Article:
The Baltimore Ravens survived a San Francisco 49ers second-half surge, and a power failure, to win Super Bowl XLVII in New Orleans on Sunday, 34-31.
The Ravens, who led 21-6 at halftime, were outscored 25-13 in the second half, but two fourth-quarter field goals helped seal their second title in 17 years in Baltimore.
Quarterback Joe Flacco earned the MVP award after throwing for 287 yards and three touchdowns and no interceptions. The 28-year-old entered the 2012 season as a playoff underachiever, but enjoyed an excellent postseason where he threw 11 touchdowns without an interception.
A power outage delayed the game for more than 30 minutes. Half the Mercedes-Benz Superdome Stadium's lights shut off and CBS announcers Jim Nantz and Phil Simms lost their audio.
When the game resumed, the 49ers mounted a stunning comeback led by Colin Kaepernick. The young quarterback threw for 302 yards, and rushed for 62 yards, and helped lead San Francisco to 17-consecutive points to cut Baltimore's lead to 31-29.
Justin Tucker's 38-yard field goal with 4:19 remaining gave the Ravens a five-point cushion, and Baltimore would later take a safety on a punt to run the clock down to seal the victory.
"It's never pretty, it's never perfect, but it us," said Ravens head coach John Harbaugh after the game.
Harbaugh was able to win the coaching battle over his younger brother, Jim. He called beating his brother, "the hardest thing I ever experienced."
The Ravens received strong performances from wide receivers Anquan Boldin and Jacoby Jones. Boldin caught six passes for 104 yards and a touchdown.
Jones had only one reception, but it was for a 56-yard touchdown in the second quarter. Jones also returned the second-half kickoff for a record 108 yards.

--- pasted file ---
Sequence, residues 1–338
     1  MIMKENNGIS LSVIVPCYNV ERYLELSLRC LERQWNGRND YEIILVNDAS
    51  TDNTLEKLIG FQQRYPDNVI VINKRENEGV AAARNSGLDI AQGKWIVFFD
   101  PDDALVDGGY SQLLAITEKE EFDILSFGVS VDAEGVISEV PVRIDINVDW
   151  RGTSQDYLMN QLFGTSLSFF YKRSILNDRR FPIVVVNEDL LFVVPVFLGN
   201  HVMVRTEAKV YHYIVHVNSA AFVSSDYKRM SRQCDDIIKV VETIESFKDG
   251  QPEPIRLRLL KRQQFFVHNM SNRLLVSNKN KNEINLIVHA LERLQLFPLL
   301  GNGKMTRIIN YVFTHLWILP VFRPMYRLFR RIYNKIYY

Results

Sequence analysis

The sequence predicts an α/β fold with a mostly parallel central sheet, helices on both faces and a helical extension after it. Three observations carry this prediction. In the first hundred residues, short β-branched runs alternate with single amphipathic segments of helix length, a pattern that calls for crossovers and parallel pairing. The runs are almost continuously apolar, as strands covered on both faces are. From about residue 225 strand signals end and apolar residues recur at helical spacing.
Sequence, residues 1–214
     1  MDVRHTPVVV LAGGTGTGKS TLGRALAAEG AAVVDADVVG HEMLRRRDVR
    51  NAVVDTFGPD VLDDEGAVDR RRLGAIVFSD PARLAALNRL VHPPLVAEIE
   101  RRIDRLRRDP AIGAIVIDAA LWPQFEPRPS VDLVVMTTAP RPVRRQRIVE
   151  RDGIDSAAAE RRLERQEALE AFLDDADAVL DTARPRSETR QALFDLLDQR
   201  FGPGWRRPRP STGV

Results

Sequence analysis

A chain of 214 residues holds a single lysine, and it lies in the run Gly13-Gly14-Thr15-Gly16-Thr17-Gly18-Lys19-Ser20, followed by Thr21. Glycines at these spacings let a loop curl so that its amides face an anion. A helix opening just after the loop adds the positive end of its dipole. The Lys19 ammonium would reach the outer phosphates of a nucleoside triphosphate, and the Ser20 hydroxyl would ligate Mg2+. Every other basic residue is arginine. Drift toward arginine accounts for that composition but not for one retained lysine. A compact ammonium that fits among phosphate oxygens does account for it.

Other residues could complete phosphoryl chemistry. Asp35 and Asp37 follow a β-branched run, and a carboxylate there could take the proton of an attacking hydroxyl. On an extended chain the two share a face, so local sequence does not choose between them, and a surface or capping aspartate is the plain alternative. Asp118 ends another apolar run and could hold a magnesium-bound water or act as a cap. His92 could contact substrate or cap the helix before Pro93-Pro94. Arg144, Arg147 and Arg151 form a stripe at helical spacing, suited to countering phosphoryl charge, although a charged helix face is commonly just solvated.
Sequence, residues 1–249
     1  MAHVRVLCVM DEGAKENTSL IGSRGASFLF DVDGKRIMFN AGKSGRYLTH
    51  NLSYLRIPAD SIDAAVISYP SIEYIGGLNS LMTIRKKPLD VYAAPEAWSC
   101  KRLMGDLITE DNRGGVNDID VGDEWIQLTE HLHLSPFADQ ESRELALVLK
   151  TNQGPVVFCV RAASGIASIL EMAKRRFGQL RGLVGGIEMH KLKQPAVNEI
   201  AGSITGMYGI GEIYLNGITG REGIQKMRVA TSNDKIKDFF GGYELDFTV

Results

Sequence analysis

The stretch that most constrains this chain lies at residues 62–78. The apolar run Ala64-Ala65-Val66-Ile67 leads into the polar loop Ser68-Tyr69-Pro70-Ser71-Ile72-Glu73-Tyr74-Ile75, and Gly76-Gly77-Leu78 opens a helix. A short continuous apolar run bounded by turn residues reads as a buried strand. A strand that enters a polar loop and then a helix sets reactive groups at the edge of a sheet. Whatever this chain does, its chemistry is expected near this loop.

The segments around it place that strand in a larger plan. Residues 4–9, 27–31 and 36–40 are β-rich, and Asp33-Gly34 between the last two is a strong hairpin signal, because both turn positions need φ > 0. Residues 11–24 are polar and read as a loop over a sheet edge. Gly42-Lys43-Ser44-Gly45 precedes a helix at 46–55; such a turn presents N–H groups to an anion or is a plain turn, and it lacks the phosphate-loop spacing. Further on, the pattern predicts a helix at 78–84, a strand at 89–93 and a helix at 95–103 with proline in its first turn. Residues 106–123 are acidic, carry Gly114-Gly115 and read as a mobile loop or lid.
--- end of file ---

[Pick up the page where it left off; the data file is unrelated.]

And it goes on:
The Super Bowl victory ended up being a magical sendoff for Ray Lewis. The 13-time Pro Bowl linebacker announced his retirement prior to the Ravens' first playoff game. Lewis was also on the 2001 Baltimore squad that won the Super Bowl.
"This is the way you do it," said Lewis. "No other way to go out and end a career."
While the Ravens enjoyed their second title in a dozen years, the 49ers loss was likely a tough pill to swallow. San Francisco entered the 2012 season as one of the elite teams in the league, and entered the championship game as three-point favorites. The 49ers enjoyed an impressive playoff run, and appeared to have momentum behind the promotion of Kaepernick to starting quaterback over opening-day starter Alex Smith.
San Francisco turned the ball over twice, and failed to capitalize on outperforming the Ravens in total yards, 468-367. Running back Frank Gore rushed for 110 yards on 19 carries.
It was the first Super Bowl loss in the 49ers' history.
The Ravens' title will likely be remembered by Lewis retiring as a champion. His post-game celebration and interview were indicative of his enthusiasm for the game.
"It's no greater way, as a champ, to go out on your last ride with the men that I went out with my teammates," Lewis said. "And you looked around this stadium and Baltimore! Baltimore! We coming home, baby! We did it!"